It turns out that sanding and painting an entire treehouse by hand is quite an endeavour.
And my dad and I are both perfectionists. We both sanded to the very edges, covered over the niggly bits quite carefully, and didn’t start painting until every surface was smooth enough to run a hand over.
This is normally the place at which I either 1) press on until I do actually collapse, or 2) give up and decide I will finish it later. Neither one is a good decision, and this time I am proud to say we chose 3) get someone else to finish it.
Next door to my dad’s ranch is a property of log cabins where people can stay. It is a lovely place, like a combination B&B, ranch, and hotel, all in the green and glorious woods. And there works a man named Javier, who from time to time does small projects for my dad on his property.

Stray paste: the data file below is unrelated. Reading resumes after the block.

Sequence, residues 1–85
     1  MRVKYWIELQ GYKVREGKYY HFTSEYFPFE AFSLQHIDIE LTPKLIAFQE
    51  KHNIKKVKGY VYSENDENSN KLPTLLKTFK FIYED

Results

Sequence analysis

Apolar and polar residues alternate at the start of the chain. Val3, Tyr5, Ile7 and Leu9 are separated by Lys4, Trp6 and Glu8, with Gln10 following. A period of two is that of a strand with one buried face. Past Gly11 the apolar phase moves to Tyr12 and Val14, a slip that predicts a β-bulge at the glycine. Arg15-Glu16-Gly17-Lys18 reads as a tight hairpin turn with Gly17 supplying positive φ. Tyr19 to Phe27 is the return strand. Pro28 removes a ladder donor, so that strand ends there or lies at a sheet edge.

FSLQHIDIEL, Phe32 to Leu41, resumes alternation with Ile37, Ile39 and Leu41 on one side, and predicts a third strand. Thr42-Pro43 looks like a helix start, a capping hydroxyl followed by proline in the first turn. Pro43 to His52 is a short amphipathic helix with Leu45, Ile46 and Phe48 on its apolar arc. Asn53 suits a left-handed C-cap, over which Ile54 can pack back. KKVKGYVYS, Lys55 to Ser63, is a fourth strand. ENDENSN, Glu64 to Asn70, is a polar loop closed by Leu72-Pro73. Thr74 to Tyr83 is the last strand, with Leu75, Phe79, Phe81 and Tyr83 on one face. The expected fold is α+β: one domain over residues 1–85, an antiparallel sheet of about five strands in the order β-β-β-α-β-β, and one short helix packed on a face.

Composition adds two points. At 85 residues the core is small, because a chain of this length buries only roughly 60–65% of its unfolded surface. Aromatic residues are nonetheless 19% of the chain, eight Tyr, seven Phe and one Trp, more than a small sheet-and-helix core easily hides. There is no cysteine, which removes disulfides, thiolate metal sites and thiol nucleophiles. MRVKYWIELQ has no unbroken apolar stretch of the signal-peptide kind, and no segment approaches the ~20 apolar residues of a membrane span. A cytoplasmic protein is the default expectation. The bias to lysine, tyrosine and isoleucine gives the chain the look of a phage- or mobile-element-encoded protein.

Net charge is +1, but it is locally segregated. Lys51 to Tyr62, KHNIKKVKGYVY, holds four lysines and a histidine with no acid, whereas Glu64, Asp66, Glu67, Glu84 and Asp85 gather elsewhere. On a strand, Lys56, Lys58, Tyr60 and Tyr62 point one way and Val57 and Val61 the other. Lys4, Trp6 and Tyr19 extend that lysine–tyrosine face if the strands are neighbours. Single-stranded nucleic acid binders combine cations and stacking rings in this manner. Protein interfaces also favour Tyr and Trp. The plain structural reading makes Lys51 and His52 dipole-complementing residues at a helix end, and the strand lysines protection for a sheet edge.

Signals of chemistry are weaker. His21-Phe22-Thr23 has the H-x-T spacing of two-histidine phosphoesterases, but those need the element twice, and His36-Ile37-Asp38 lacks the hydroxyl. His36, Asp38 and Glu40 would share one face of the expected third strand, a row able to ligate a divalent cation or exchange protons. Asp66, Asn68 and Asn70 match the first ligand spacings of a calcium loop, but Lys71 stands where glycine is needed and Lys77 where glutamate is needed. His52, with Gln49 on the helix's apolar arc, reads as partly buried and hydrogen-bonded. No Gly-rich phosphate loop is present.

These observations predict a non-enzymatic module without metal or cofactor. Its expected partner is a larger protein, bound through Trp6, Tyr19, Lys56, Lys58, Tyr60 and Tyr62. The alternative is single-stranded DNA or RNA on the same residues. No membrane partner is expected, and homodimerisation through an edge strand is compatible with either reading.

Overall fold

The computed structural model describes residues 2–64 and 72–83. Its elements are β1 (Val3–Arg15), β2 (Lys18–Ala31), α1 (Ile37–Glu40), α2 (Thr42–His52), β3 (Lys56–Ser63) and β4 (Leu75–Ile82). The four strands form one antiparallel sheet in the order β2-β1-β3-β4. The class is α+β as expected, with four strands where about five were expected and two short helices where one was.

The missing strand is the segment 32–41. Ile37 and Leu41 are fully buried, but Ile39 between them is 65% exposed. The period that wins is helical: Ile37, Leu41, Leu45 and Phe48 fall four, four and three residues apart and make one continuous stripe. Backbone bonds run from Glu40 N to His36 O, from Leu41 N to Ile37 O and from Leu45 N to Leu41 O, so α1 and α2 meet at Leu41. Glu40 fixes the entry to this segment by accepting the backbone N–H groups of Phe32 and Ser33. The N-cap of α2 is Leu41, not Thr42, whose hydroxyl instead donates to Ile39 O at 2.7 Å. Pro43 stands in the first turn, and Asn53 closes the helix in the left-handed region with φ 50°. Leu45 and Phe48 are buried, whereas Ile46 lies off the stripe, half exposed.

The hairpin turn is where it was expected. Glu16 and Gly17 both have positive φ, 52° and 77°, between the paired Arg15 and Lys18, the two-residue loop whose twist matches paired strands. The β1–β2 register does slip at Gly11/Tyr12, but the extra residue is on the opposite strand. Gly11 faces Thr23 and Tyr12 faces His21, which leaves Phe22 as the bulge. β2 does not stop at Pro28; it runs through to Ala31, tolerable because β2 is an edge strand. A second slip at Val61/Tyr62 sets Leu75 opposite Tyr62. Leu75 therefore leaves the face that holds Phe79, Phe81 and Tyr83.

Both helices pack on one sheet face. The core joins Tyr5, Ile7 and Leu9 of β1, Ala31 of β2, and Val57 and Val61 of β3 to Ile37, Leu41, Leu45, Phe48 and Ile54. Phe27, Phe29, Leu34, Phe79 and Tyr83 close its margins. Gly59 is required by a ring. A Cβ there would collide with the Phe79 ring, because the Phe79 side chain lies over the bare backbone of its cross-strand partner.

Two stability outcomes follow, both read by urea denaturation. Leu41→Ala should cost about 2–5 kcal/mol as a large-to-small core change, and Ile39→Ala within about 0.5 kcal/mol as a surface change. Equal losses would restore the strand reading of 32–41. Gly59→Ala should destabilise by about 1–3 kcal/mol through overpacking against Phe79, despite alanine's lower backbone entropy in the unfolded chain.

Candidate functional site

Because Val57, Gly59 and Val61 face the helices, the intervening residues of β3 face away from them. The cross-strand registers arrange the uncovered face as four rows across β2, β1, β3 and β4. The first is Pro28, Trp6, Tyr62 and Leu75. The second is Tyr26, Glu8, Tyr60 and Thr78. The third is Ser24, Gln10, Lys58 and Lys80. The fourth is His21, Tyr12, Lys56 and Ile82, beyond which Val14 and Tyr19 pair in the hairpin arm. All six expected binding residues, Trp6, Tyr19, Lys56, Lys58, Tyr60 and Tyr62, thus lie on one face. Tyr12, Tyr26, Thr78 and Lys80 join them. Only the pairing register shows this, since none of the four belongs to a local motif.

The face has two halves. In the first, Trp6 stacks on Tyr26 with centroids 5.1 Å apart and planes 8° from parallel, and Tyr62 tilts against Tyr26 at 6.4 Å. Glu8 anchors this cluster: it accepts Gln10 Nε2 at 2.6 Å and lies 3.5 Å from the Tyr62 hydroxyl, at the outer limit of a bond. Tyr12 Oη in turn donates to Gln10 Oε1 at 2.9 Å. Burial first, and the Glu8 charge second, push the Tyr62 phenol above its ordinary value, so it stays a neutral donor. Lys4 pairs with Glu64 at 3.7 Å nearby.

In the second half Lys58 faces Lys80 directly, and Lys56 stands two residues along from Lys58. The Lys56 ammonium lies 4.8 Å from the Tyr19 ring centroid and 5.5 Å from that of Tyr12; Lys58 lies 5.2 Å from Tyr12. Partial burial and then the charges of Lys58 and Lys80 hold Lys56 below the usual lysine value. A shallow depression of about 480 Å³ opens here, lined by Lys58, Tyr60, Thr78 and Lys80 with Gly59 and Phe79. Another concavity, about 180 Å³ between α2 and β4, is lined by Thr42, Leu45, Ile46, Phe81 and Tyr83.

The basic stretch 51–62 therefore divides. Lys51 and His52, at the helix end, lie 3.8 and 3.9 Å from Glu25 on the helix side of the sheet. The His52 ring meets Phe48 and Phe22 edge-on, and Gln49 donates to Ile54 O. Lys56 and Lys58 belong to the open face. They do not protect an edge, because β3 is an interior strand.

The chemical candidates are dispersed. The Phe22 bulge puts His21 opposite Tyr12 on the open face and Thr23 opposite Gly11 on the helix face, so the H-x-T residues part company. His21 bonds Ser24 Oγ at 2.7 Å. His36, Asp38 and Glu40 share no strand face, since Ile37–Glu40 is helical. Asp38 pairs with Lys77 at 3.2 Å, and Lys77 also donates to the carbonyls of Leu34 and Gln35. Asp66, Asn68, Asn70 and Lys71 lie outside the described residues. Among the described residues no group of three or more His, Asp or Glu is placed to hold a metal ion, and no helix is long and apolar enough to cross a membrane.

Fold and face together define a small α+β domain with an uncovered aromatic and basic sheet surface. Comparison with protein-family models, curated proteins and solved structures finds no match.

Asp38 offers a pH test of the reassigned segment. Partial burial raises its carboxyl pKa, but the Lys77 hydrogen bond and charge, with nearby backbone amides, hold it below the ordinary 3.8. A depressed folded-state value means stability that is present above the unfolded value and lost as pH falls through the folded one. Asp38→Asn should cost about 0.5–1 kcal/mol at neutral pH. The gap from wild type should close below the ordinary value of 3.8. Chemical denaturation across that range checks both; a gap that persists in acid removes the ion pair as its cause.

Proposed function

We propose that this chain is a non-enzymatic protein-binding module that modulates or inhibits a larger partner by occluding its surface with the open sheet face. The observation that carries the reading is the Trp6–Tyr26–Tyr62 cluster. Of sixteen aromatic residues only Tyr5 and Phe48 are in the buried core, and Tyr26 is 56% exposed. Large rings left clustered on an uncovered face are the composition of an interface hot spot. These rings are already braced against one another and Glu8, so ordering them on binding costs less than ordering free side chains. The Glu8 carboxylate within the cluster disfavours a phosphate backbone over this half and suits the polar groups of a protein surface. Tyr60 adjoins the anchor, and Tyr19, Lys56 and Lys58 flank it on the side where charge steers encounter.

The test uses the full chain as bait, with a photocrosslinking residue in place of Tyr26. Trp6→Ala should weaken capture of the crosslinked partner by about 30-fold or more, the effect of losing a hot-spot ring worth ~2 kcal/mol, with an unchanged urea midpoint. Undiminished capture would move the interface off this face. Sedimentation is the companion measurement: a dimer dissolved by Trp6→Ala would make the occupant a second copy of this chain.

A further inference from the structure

Well, when Dad and I sat in what my nephew has dubbed “The Lizard Lounge” (because we lounge like them), we thought over what we had accomplished in two days and what was yet before us.
At first we were planning on tackling the whole project again the next day, painting by hand until we were done.
And then Dad said, “What if we just got Javier to do it?”
Javier has a paint sprayer.
Javier works for US$15 per hour.
Javier has loads of energy and enthusiasm.
Javier has successfully done a number of small projects for my dad in the past.
Obviously, it was a no brainer. We phoned Javier, he came over with his dad and his young son and they all had a look, we shook hands on the bargain….and a few days later the treehouse was painted gloriously white, and my dad and I had not exhausted ourselves to the point of no return….and it cost about $60.